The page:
Upon this point the Assistant Commissioners applied to the Rev. Mr. O’Brien, and he handed them a list, containing the names of a vast number of individuals, who he represented to be in a destitute condition ; but the precise number of aged who are without relatives able to support them they were not successful in procuring. Nevertheless, from the aged persons whom they met begging in Newmarket and its vicinity, they can have no hesitation in saying that they were most numerous. “Indeed,” observed Halpin, “the people here have a pride which I perceive nowhere else ; they will sooner starve than allow those belonging to them to go out in search of alms.” There does not appear to have ever been any great disposition to emigrate in this part of the country ; and it has recently been considerably checked from the bad news received concerning the ships which had left the port of Limerick. A poor man, however, of the name of John King, whose son emigrated to America about three years ago, received a remittance of 15l. from him, which he very judiciously applied in draining and reclaiming a small bog farm, which he held at a very low rent. His efforts were successful, for he is now a thriving, though a small farmer, and attributes his comfortable condition to the assistance which he received from his son ; but he often wishes that he was here to share his prosperity.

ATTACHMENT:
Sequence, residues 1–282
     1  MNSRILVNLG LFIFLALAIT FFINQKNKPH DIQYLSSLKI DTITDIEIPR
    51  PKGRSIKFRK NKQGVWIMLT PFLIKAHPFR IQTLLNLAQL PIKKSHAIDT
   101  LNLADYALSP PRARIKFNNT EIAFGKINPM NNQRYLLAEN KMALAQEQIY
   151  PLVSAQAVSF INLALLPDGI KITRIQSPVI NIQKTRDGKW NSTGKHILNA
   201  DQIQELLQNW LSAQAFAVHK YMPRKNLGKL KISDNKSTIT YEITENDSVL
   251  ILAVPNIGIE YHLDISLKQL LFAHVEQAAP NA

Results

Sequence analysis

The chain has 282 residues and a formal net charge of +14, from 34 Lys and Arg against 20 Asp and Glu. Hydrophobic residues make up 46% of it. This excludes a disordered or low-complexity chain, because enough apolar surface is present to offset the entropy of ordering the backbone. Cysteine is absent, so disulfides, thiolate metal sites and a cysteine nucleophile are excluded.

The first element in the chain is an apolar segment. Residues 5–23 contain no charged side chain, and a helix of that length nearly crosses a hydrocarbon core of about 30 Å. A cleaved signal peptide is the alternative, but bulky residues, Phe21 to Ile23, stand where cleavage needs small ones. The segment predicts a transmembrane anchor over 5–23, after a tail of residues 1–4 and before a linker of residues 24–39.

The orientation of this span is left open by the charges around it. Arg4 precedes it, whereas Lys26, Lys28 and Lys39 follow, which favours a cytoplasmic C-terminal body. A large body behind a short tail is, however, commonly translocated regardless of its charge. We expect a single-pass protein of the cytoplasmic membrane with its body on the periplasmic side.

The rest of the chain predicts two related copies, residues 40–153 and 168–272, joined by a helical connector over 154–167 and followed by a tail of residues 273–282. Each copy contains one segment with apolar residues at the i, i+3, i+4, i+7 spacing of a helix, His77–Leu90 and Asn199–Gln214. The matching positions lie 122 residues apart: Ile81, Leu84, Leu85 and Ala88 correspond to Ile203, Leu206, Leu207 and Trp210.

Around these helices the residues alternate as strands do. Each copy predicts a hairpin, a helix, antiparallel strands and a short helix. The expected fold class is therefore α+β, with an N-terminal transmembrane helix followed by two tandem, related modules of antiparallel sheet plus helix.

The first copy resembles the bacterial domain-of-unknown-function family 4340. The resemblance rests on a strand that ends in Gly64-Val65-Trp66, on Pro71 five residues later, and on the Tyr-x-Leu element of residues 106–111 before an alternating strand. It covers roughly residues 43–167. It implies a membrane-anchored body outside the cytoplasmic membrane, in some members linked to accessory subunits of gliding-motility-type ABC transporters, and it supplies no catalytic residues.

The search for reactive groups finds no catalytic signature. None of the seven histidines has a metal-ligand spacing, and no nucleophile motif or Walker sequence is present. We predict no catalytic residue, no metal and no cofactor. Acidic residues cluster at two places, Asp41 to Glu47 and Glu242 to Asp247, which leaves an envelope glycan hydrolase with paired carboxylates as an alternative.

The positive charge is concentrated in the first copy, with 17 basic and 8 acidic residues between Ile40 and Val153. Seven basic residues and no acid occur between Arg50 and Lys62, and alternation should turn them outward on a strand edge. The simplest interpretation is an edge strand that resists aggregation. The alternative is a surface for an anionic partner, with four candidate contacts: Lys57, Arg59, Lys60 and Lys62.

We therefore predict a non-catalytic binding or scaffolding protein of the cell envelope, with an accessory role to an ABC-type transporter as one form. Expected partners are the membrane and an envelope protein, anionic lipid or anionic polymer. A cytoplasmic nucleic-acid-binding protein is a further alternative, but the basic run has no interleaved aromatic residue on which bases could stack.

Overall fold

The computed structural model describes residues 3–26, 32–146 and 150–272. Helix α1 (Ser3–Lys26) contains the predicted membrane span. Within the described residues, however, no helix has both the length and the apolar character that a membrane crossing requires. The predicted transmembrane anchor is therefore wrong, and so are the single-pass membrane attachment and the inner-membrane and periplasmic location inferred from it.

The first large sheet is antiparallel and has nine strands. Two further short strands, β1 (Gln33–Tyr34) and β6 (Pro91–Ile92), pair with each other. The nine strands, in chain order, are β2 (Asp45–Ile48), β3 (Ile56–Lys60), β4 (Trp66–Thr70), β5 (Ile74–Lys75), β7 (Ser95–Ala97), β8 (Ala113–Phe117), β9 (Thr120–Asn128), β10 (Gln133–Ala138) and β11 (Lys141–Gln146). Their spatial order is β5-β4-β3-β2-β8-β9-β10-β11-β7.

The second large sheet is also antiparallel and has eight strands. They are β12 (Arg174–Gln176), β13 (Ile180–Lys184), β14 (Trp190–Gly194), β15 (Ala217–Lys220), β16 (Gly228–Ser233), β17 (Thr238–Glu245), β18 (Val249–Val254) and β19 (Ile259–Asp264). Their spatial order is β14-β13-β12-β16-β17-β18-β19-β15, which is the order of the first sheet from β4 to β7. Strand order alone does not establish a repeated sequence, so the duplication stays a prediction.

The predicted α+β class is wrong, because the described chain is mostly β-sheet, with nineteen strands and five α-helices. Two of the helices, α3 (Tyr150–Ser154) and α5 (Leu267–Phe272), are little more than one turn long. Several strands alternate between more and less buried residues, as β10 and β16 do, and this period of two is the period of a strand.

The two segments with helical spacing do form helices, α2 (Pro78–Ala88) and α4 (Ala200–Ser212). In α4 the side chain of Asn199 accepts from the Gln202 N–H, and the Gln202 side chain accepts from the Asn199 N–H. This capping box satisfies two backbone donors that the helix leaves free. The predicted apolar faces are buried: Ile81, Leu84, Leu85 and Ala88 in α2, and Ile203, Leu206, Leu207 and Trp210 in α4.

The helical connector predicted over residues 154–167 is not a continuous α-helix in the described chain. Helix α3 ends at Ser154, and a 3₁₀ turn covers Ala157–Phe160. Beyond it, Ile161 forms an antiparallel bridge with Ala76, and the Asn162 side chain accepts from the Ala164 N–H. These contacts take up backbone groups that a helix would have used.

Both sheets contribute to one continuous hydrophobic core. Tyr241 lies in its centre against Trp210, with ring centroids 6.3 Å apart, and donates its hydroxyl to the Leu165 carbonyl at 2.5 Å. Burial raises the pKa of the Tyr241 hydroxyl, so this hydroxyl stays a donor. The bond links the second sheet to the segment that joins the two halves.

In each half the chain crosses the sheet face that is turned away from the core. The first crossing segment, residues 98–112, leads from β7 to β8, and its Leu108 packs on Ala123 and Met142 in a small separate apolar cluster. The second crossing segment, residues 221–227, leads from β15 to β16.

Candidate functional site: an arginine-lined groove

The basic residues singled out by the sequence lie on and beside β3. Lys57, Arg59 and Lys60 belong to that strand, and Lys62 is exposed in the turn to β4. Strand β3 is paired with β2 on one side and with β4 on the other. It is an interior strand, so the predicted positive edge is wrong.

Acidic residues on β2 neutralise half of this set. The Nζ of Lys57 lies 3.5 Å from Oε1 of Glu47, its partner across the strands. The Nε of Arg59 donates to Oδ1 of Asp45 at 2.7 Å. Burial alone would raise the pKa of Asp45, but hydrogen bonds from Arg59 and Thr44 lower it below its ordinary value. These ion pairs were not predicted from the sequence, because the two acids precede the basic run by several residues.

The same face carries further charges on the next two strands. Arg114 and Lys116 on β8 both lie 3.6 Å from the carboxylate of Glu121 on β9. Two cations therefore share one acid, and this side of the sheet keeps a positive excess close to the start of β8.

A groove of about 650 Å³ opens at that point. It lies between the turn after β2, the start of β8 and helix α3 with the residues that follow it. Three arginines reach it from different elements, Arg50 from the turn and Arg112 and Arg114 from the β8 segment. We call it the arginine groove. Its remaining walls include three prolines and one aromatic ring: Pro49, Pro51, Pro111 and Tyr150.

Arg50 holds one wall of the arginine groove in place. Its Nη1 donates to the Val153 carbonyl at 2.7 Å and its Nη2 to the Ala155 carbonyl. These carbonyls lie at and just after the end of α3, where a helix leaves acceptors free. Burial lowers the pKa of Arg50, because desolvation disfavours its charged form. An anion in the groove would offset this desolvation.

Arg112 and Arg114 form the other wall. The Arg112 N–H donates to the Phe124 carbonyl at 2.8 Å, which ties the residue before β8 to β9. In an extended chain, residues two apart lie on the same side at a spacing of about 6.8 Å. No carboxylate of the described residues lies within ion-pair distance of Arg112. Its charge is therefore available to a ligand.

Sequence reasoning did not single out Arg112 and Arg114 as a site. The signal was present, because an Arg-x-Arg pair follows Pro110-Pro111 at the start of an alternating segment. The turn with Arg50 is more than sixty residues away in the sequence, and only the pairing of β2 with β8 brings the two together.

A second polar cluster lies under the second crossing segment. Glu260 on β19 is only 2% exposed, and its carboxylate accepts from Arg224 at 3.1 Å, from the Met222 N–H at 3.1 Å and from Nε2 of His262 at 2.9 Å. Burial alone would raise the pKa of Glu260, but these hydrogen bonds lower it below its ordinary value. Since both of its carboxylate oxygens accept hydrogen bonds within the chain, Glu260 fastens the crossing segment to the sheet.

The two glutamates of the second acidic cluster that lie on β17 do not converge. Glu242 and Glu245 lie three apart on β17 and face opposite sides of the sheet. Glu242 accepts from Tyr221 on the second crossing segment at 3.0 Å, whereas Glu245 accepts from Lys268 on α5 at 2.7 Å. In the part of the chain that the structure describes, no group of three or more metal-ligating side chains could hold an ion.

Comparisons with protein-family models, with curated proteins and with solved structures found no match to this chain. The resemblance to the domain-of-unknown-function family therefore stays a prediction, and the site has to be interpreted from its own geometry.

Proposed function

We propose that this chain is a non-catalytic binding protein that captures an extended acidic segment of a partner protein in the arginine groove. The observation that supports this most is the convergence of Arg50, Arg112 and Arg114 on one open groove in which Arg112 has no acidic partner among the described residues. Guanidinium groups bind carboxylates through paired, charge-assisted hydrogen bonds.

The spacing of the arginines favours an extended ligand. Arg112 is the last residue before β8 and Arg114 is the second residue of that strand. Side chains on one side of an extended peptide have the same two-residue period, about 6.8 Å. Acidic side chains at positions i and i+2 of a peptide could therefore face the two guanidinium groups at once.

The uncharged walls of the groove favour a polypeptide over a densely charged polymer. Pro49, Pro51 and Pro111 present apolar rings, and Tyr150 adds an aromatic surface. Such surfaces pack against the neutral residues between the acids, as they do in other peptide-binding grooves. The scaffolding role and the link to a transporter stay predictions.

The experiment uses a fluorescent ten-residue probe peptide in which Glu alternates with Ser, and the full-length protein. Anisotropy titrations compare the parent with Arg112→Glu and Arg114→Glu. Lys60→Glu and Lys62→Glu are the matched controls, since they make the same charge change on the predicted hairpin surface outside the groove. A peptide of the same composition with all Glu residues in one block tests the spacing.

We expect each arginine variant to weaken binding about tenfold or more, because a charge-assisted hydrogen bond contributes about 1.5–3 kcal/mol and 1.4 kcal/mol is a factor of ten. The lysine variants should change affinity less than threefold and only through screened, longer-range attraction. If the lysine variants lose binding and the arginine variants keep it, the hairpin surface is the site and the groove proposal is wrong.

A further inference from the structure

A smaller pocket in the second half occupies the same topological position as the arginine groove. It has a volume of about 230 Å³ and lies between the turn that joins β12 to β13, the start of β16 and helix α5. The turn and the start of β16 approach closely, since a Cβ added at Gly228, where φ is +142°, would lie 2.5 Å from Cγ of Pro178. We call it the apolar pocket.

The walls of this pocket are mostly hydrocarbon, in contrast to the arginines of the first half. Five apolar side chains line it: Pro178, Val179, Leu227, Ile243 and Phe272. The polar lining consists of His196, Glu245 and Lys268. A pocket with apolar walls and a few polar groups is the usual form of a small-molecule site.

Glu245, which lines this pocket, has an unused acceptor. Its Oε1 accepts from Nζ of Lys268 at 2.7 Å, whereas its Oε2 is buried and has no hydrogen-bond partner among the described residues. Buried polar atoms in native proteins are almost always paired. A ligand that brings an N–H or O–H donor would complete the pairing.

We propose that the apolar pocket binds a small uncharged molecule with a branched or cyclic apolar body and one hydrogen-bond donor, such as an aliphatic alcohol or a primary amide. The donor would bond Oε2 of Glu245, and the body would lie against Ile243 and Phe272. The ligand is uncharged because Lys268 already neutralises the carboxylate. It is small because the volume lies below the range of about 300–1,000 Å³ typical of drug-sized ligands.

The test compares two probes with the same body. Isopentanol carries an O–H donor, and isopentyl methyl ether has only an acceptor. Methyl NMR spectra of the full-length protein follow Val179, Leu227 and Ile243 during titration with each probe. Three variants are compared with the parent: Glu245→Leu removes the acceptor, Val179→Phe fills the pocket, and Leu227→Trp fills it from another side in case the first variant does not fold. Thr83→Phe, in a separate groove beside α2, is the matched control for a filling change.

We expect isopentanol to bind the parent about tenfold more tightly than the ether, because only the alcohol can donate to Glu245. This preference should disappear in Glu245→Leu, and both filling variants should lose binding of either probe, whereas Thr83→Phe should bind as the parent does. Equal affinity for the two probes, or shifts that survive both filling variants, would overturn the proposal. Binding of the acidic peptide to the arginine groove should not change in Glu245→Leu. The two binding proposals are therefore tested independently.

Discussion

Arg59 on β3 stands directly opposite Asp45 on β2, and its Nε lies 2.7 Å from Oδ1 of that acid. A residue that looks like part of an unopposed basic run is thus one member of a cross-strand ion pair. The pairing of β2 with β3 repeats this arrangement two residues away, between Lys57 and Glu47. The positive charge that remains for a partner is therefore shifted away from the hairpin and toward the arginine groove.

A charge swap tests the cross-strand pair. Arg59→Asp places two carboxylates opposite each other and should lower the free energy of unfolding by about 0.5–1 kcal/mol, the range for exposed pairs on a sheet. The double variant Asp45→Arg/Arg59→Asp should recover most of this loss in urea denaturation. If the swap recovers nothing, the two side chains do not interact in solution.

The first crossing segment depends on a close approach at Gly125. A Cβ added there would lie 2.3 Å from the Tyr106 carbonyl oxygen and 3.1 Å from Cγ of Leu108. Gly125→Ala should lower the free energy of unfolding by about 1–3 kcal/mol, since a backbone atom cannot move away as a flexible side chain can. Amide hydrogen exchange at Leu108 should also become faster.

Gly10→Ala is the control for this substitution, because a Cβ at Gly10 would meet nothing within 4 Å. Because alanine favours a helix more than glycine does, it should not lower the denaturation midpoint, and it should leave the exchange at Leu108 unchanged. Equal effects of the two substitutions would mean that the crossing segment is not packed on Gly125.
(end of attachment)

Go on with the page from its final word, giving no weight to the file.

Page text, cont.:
No regular and systematic relief is afforded by the gentry to the aged and infirm on their estates ; but at the same time much desultory aid is given by the resident landlords and their families. Many poor persons bore testimony to the benevolent disposition of Lady O’Brien and Mrs. Studdart ; but still, except in seasons of scarcity, no general assistance has been offered to the great body of the poor, who are often in a state of destitution.

As to the point, whether persons refuse to contribute, Mr. Coffey stated, that some years ago there was a great dearth of provisions, and subscriptions were successfully entered into throughout the parish for procuring meal and other necessaries for the poor ; that he applied to a barrister who at that time drew upwards of 500l. a year out of the parish, and was that moment receiving his rents at the inn, and solicited his contribution, but that he met with a refusal ; he represented to the gentleman that on his property, which was leased to Major Creagh, many of the occupying tenants were in the most abject distress. “That is nothing to me,” answered he ; “tell Major Creagh to get rid of them ; I shall not give them anything.” Mr. Coffey could not get any other answer.